Visible morphologic changes in cells infected with viruses. It includes shutdown of cellular RNA and protein synthesis, cell fusion, release of lysosomal enzymes, changes in cell membrane permeability, diffuse changes in intracellular structures, presence of viral inclusion bodies, and chromosomal aberrations. It excludes malignant transformation, which is CELL TRANSFORMATION, VIRAL. Viral cytopathogenic effects provide a valuable method for identifying and classifying the infecting viruses.
The infective system of a virus, composed of the viral genome, a protein core, and a protein coat called a capsid, which may be naked or enclosed in a lipoprotein envelope called the peplos.
The type species of MORBILLIVIRUS and the cause of the highly infectious human disease MEASLES, which affects mostly children.
A species of CERCOPITHECUS containing three subspecies: C. tantalus, C. pygerythrus, and C. sabeus. They are found in the forests and savannah of Africa. The African green monkey (C. pygerythrus) is the natural host of SIMIAN IMMUNODEFICIENCY VIRUS and is used in AIDS research.
The biosynthesis of RNA carried out on a template of DNA. The biosynthesis of DNA from an RNA template is called REVERSE TRANSCRIPTION.
A CELL LINE derived from the kidney of the African green (vervet) monkey, (CERCOPITHECUS AETHIOPS) used primarily in virus replication studies and plaque assays.
An enzyme that catalyses RNA-template-directed extension of the 3'- end of an RNA strand by one nucleotide at a time, and can initiate a chain de novo. (Enzyme Nomenclature, 1992, p293)
Proteins secreted by vertebrate cells in response to a wide variety of inducers. They confer resistance against many different viruses, inhibit proliferation of normal and malignant cells, impede multiplication of intracellular parasites, enhance macrophage and granulocyte phagocytosis, augment natural killer cell activity, and show several other immunomodulatory functions.
Viruses whose nucleic acid is DNA.
The outer protein protective shell of a virus, which protects the viral nucleic acid.
The expelling of virus particles from the body. Important routes include the respiratory tract, genital tract, and intestinal tract. Virus shedding is an important means of vertical transmission (INFECTIOUS DISEASE TRANSMISSION, VERTICAL).
The property of objects that determines the direction of heat flow when they are placed in direct thermal contact. The temperature is the energy of microscopic motions (vibrational and translational) of the particles of atoms.
Viral proteins that are components of the mature assembled VIRUS PARTICLES. They may include nucleocapsid core proteins (gag proteins), enzymes packaged within the virus particle (pol proteins), and membrane components (env proteins). These do not include the proteins encoded in the VIRAL GENOME that are produced in infected cells but which are not packaged in the mature virus particle,i.e. the so called non-structural proteins (VIRAL NONSTRUCTURAL PROTEINS).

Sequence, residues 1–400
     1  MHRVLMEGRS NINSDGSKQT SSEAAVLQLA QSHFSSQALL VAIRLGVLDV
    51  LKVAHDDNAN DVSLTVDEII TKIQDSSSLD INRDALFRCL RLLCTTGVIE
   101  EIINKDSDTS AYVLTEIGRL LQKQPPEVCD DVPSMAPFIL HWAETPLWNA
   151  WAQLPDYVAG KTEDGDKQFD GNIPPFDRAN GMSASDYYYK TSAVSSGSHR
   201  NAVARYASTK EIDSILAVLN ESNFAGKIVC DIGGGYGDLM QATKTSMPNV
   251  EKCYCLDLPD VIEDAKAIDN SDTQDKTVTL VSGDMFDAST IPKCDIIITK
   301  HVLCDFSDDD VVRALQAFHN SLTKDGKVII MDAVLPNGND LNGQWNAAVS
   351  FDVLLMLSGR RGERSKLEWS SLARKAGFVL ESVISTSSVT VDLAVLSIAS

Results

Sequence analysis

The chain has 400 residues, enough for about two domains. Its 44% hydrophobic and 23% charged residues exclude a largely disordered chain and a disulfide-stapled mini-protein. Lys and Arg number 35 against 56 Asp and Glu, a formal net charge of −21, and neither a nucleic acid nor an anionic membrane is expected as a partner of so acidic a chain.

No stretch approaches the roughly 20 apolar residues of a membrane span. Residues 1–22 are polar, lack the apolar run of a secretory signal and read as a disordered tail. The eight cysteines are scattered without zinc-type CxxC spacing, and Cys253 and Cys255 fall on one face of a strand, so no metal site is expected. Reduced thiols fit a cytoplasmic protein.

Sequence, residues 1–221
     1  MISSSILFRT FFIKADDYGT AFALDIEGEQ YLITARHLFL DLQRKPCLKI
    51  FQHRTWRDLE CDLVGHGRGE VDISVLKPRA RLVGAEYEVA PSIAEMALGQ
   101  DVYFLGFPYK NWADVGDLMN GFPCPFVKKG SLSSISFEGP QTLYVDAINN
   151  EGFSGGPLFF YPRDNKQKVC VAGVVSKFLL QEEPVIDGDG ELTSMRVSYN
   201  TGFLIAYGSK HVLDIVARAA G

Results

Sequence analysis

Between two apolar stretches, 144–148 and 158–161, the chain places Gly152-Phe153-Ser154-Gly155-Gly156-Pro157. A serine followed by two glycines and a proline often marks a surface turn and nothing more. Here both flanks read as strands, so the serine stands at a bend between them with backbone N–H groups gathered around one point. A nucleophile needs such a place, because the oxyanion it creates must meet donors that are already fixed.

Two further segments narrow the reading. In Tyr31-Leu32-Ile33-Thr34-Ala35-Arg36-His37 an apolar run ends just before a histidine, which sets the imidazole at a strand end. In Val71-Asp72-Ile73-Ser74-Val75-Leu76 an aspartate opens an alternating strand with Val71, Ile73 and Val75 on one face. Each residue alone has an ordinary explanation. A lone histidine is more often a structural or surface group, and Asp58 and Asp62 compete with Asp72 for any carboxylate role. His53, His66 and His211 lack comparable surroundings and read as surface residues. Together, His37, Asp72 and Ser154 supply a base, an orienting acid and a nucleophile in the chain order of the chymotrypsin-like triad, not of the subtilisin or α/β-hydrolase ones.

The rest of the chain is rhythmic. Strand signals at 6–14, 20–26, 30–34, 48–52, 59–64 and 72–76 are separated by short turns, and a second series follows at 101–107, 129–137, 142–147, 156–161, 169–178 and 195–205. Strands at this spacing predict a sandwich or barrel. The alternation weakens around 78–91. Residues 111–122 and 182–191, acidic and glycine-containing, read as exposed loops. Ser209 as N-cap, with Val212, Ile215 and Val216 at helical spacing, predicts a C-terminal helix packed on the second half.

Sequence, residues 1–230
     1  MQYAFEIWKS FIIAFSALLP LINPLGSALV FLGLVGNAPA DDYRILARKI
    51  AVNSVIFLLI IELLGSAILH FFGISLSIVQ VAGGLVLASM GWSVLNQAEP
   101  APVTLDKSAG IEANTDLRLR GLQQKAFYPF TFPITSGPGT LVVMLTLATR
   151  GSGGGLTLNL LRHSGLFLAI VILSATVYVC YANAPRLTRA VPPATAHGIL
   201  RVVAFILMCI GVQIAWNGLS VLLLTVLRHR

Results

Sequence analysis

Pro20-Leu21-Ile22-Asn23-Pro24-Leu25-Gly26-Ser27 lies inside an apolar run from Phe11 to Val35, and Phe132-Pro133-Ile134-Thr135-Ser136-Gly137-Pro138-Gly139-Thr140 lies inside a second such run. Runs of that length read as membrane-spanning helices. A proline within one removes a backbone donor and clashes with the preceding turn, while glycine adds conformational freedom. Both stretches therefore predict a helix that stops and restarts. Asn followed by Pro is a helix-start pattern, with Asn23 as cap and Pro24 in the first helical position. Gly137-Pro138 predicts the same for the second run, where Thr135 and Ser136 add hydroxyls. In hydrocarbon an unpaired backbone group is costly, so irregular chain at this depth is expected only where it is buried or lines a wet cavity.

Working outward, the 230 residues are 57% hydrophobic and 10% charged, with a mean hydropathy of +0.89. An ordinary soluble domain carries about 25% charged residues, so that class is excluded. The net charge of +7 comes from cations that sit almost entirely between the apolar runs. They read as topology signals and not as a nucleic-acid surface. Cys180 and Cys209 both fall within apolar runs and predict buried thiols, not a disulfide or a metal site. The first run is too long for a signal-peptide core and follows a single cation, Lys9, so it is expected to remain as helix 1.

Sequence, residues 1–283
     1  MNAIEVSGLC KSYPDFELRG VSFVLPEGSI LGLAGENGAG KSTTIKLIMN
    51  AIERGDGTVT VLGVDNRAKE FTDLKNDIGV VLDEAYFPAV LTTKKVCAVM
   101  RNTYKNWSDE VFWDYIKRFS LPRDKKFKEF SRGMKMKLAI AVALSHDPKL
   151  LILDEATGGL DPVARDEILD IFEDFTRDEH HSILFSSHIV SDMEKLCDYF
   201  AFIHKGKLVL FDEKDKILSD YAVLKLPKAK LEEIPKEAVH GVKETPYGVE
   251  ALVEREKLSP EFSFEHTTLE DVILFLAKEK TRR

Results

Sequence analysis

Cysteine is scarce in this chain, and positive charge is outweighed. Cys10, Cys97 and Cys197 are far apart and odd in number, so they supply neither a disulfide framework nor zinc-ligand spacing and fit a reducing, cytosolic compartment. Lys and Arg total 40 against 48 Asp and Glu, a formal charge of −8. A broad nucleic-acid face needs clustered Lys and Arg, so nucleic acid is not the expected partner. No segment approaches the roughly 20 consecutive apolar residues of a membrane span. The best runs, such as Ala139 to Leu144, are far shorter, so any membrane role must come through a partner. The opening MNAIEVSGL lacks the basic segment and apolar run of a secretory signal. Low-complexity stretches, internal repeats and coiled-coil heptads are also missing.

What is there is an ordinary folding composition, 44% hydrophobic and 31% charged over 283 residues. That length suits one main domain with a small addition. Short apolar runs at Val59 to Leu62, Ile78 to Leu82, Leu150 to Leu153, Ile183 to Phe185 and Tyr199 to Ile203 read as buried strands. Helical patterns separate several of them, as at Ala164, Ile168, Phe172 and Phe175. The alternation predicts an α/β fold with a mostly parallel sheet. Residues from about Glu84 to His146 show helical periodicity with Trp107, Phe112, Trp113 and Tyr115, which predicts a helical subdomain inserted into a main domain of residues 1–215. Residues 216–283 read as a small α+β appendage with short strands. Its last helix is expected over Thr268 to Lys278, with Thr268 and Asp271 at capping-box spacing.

Descriptions of specific amino acid, carbohydrate, or nucleotide sequences which have appeared in the published literature and/or are deposited in and maintained by databanks such as GENBANK, European Molecular Biology Laboratory (EMBL), National Biomedical Research Foundation (NBRF), or other sequence repositories.
Enzymes that catalyze DNA template-directed extension of the 3'-end of an RNA strand one nucleotide at a time. They can initiate a chain de novo. In eukaryotes, three forms of the enzyme have been distinguished on the basis of sensitivity to alpha-amanitin, and the type of RNA synthesized. (From Enzyme Nomenclature, 1992).
Substances elaborated by viruses that have antigenic activity.
Agents used in the prophylaxis or therapy of VIRUS DISEASES. Some of the ways they may act include preventing viral replication by inhibiting viral DNA polymerase; binding to specific cell-surface receptors and inhibiting viral penetration or uncoating; inhibiting viral protein synthesis; or blocking late stages of virus assembly.
A species of POLYOMAVIRUS originally isolated from Rhesus monkey kidney tissue. It produces malignancy in human and newborn hamster kidney cell cultures.
Use of attenuated VIRUSES as ANTINEOPLASTIC AGENTS to selectively kill CANCER cells.
Tumor-selective, replication competent VIRUSES that have antineoplastic effects. This is achieved by producing cytotoxicity-enhancing proteins and/or eliciting an antitumor immune response. They are genetically engineered so that they can replicate in CANCER cells but not in normal cells, and are used in ONCOLYTIC VIROTHERAPY.
A family of bullet-shaped viruses of the order MONONEGAVIRALES, infecting vertebrates, arthropods, protozoa, and plants. Genera include VESICULOVIRUS; LYSSAVIRUS; EPHEMEROVIRUS; NOVIRHABDOVIRUS; Cytorhabdovirus; and Nucleorhabdovirus.
The measurement of infection-blocking titer of ANTISERA by testing a series of dilutions for a given virus-antiserum interaction end-point, which is generally the dilution at which tissue cultures inoculated with the serum-virus mixtures demonstrate cytopathology (CPE) or the dilution at which 50% of test animals injected with serum-virus mixtures show infectivity (ID50) or die (LD50).
Viruses parasitic on plants higher than bacteria.
Proteins found mainly in icosahedral DNA and RNA viruses. They consist of proteins directly associated with the nucleic acid inside the NUCLEOCAPSID.
Any detectable and heritable change in the genetic material that causes a change in the GENOTYPE and which is transmitted to daughter cells and to succeeding generations.
Membrane glycoproteins from influenza viruses which are involved in hemagglutination, virus attachment, and envelope fusion. Fourteen distinct subtypes of HA glycoproteins and nine of NA glycoproteins have been identified from INFLUENZA A VIRUS; no subtypes have been identified for Influenza B or Influenza C viruses.